Find the Pain & Similar Advice for Start-Up Entrepreneurs
Start-up entrepreneurship is an enticing journey: you carve your own path towards success, become your own boss, and tell your rags-to-riches story. It takes discipline and commitment combined with focused direction. But where do you start? Maybe you’ve got the drive, but not the direction—or maybe you’ve got a direction without a particular destination? We’ve gathered some tried-and-true advice to give you a step up in entrepreneurship:
1) Find the pain. Identify a bottleneck somewhere—an abrasive point in a given system that is just rubbing a particular group of people the wrong way. When you can identify one, then you can form a potential idea.
2) Never lose focus of the solutions. Being an entrepreneur means being a problem solver. (Note: the problem you’re solving is never “Money”). Think of your ability to solve problems as a fitness level: something you need to constantly hone and keep in shape. Every problem must be met as an obstacle that needs overcoming—whether you’re dealing with customers or you’re dealing with the internals of your start-up business. Adapt, solve, and move on.
3) Don’t hold back: especially when it’s time to critique yourself. Brutal honesty, whether it’s about your marketing strategy or your deliverables, is invaluable if you wish to leap and bound through improvements. This goes double if you’re in the service industry: you MUST be easy to work with. And you MUST be willing to change in those areas that you need to. Be the type of entrepreneur that will go slightly beyond scope to get things taken care of for the customer.
4) Convenience and simplicity are the nuts and bolts of any kind of start-up. Whether you’re offering a service or a product: from food to tech, this is what will make people want to pay. Great solutions are often overlooked by big clients because they’re more expensive to implement than to simply let the problem continue.
5) Big things have small beginnings, so don’t be afraid to start small. It may be only a $200.00 starter contract, but the I-can-trust-you-to-do-this-well currency is far more valuable than USD in the long-run. Small contracts often turn into substantially larger, ongoing business relationships.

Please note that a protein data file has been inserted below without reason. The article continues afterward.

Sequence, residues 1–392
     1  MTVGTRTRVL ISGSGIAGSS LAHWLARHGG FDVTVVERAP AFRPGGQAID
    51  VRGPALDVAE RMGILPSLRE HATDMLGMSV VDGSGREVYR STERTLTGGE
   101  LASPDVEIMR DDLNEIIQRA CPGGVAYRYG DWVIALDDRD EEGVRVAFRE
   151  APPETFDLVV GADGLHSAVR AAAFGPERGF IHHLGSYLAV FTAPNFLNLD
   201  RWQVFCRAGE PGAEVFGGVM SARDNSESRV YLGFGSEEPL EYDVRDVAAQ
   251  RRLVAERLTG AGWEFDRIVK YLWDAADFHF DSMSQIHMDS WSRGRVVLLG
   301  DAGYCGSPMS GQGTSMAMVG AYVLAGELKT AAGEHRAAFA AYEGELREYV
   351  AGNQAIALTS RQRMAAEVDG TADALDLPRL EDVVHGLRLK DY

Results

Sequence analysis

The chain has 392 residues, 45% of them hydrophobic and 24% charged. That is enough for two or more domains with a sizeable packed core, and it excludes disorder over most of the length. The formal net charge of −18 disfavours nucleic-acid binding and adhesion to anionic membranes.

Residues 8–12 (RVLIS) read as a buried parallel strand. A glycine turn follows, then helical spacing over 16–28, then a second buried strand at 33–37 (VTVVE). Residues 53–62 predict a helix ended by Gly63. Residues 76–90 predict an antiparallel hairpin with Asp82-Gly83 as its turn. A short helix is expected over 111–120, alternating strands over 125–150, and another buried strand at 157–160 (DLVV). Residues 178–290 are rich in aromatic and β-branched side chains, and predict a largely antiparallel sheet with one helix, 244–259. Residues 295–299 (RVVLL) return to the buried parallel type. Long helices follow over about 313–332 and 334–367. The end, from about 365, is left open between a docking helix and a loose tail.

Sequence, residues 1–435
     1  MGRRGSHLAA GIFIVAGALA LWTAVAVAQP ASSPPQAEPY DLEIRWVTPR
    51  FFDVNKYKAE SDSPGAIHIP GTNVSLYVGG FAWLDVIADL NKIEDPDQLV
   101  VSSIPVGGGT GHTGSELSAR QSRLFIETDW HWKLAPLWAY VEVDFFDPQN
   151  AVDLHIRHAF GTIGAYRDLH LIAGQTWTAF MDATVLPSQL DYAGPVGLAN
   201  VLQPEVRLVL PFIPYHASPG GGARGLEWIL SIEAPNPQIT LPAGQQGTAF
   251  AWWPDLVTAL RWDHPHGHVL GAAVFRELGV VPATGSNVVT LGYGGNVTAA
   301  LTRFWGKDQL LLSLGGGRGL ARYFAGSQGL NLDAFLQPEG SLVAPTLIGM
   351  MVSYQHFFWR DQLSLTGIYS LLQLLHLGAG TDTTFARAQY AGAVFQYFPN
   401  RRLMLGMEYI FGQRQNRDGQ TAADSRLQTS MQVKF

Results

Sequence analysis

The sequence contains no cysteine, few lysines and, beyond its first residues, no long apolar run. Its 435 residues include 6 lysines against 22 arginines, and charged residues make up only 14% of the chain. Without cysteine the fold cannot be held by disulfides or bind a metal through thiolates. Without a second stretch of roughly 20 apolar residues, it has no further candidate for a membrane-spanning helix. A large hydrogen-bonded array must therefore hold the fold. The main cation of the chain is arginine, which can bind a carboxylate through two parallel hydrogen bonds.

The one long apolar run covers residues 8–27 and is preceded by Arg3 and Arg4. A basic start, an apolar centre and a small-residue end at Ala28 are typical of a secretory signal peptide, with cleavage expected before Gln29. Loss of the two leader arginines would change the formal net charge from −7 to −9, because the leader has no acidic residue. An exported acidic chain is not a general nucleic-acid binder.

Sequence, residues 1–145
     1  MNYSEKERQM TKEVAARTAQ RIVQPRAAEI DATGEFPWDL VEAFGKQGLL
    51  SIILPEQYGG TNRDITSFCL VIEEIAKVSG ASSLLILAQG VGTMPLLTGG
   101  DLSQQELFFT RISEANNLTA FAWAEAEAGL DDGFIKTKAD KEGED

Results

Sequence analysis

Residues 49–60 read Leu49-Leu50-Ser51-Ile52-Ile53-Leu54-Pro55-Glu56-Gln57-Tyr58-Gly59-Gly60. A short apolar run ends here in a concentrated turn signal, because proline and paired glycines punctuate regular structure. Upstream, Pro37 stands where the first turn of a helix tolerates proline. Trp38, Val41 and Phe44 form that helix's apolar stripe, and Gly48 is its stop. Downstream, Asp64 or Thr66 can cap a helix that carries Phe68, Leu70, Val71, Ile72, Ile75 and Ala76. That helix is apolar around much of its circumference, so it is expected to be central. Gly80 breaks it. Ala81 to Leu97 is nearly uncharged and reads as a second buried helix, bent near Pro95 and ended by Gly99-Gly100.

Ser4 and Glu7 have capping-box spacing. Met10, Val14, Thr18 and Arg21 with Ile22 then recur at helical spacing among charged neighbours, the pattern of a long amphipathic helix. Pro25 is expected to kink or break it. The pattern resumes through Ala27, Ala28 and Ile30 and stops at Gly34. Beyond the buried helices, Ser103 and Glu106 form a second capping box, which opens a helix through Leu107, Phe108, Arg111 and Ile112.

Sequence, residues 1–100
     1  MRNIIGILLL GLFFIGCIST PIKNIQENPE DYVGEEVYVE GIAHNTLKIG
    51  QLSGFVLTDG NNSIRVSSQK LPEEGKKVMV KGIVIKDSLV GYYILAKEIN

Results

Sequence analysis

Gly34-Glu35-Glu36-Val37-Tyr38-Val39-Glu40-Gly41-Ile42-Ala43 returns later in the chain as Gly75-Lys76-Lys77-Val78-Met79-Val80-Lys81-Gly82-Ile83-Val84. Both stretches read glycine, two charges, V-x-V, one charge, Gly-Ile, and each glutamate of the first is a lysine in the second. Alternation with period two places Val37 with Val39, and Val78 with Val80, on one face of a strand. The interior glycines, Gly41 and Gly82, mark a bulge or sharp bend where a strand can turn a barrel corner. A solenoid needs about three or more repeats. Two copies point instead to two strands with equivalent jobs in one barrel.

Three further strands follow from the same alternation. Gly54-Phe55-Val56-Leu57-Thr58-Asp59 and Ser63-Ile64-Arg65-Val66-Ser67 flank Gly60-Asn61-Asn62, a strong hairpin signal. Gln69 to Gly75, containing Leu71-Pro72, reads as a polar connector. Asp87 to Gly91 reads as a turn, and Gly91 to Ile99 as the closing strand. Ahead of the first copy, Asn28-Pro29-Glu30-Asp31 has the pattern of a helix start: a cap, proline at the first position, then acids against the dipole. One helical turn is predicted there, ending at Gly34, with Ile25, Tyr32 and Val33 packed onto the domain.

6) Always make yourself the business owner. You’ll run into times where you’ve collected you’re payment and are now just muddling through to half-heartedly get the work done. Visualizing that you’ve actually bought the company will motivate you to do the work much differently—and that kind of enthusiasm will definitely be reflected in the end results.
7) Pick & choose your clients. Customers that are one-man-teams with similarly low budgets, for example, can make every dollar you receive feel like a hundred, placing unneeded pressure on your own business model.
1) Your education means squat to potential clients (and investors). People just want to know whether you can solve the problem or not.
2) Don’t worry about the future: today’s troubles are enough for today.
3) Stay clear of getting sucked into endless podcasts and “entrepreneur self-help.” The content is endless and wastes valuable time when you could be getting things done.
4) In any particular skill, teach yourself enough to move forward. You’ll learn by taking bite-size chunks, not trying to force the whole feast down your gullet.
5) An idea aloe is completely worthless, it’s only what you do with it that adds value to it.
6) Your ideas are not (nor will they be) unique. First focus on execution—then when you actually have something to protect, do it.
Take these tips to heart and carry them with you as you strive towards success, whether it’s in Silicon Valley, selling eBooks, or opening an ice-cream shop. If you listen, this advice will take you far.